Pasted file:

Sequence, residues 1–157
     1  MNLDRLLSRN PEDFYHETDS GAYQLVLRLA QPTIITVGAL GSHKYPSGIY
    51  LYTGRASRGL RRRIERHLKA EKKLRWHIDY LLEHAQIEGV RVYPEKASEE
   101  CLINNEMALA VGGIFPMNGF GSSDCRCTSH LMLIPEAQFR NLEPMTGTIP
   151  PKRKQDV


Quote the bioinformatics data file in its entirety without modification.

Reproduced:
Sequence, residues 1–157
     1  MNLDRLLSRN PEDFYHETDS GAYQLVLRLA QPTIITVGAL GSHKYPSGIY
    51  LYTGRASRGL RRRIERHLKA EKKLRWHIDY LLEHAQIEGV RVYPEKASEE
   101  CLINNEMALA VGGIFPMNGF GSSDCRCTSH LMLIPEAQFR NLEPMTGTIP
   151  PKRKQDV